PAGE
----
Educated Patient® Lung Cancer Summit Advancements in Diagnosis: April 29, 2023


Watch Dr. Thomas Waddington, from City of Hope National Medical Center, discuss the past and future of bronchoscopy during the CURE® Educated Patient® Lung Cancer Summit.

Detection of lung cancer with bronchoscopies has advanced over the past few years, allowing providers to stage tumors and potentially determine treatment options, one expert said.

Dr. Thomas Waddington, director of interventional pulmonary medicine at City of Hope National Medical Center in Duarte, California, discussed the progression of advancements in this space during the CURE® Educated Patient® Lung Cancer Summit.

“I think what I was trying to get across as much as anything else is how much easier (bronchoscopy) is now as compared to where it was in the past, (and) how much safer it is now as compared to what it was in the past,” he said during an interview with CURE®. “And when you diagnose a nodule, you’re also supposed to stage a nodule and also figure out how to treat it. The best way to do that is all in one procedure, (and) we can do that now.”

According to the National Cancer Institute, a bronchoscopy is a procedure performed to look inside the trachea, air passages and lungs via the nose or mouth to detect cancer or perform some treatment procedures.

Waddington told CURE® that most patients with suspected lung cancer are physically able to undergo bronchoscopy.

“Right now, honestly, unless the patient is severely debilitated, this is still, by far, the safest and easiest procedure for them to go through,” he said. “The only patient I would actually say cannot (undergo bronchoscopy) is one where the anatomy is just too distorted from the tumor to make it possible and/or the patient decides they just don’t want to go through the procedure because they’re not looking into active treatment.

Where It Began

The first bronchoscopy was performed in 1876, and since then, it has advanced with tools making the procedure easier to perform and more accurate.

For example, a prototype of a flexible bronchoscope was developed in 1964, then another flexible bronchoscope was presented in 1966, leading to its commercial availability in 1968.

“The flexible bronchoscope was really where bronchoscopy and pulmonology became a much more integral field in cancer and diagnostics,” Waddington said. “That was a big change because we went from this therapeutic intervention, removing foreign bodies, to a much more diagnostic approach in the field.”

Ultrasound technology was introduced to bronchoscopy in the 1990s, which “completely changed my field,” Waddington said. This allowed health care providers to tell the difference between vessels, lung tissues and cancers. Ultrasound technology was added to the end of a bronchoscope itself in 2004.

“That completely changed what we did because now, bronchoscopists could look between lungs at lymph nodes, and this is often where cancers or other diseases will travel to,” Waddington said.

Electromagnetic navigational bronchoscopy also entered the field in humans in 2006, which helped providers guide the bronchoscope through the airways, although it did not provide real-time guidance during the procedure.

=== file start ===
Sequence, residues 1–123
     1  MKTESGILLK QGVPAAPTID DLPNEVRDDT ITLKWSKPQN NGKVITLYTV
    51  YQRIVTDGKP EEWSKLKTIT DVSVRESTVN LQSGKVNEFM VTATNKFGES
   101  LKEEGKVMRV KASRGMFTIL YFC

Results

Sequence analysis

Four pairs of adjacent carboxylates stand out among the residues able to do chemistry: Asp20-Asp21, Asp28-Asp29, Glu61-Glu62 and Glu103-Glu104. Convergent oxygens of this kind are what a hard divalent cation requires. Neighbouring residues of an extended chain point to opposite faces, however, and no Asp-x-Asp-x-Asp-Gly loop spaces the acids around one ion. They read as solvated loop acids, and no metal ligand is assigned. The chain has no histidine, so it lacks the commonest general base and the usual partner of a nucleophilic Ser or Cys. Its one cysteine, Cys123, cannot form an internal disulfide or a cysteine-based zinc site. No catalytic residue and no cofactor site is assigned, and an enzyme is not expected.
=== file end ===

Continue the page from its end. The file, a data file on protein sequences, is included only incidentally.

Improving Limited Accuracy

Despite all of these advances in bronchoscopy, Waddington said that the accuracy of these approaches was only around 70%. Interventional radiologists were able to access these nodules with 92% accuracy, even though that involved minimally invasive procedures. In addition, airways including the lung cover approximately 142 meters square of surface area, which Waddington compared to trying to find a dime in a three-bedroom house.

Approximately 70% of lung cancer nodules are located in the outer third of the lung, and this led to the introduction of robotic bronchoscopy to access these difficult areas. Guidance with technologies like live-time augmented fluoroscopy allows providers to know that the device is at the nodule in question and take a biopsy from it. Bronchial ultrasound can also be added to the procedure to provide more information for treatment decisions including disease stage.

Future Advancements

Waddington said that he believes the future is going to entail a combination of endobronchial ultrasound, robotic technology and even local therapy like thermal ablation, chemotherapeutics and immunotherapies.

“We’re going to use these things to be able to cure people and create survivors,” he said.

One example of integrating bronchoscopy with therapies is photodynamic therapy. This involves taking a photosensitizing agent — which Waddington said was similar to sun exposure at the beach — and inject it into the patient, where it concentrates into tumors.

Pulsed electric field energy is another potential therapy on the horizon and involves non-thermal therapy that applies high-frequency biphasic electric pulses placed into a tumor, Waddington explained. This destabilizes the membrane of the tumor, allowing tumor fragments to be released into the bloodstream.

This new technology, which was released a few months ago, has demonstrated positive results in studies presented at recent medical conferences. One study’s findings demonstrated that patients treated with pulsed electric field energy had no heart-related side effects and they had minimal scar tissue after treatment.

“Over the last 15 to 20 years, what we've noticed is chemotherapy is a very toxic agent (but) incredibly useful drugs,” Waddington said. “But if we can activate your immune system to go recognize a tumor and destroy it, it's incredibly effective. It lasts a whole lot longer. And this pulse electric field (energy) is allowing the body to start to do that.”

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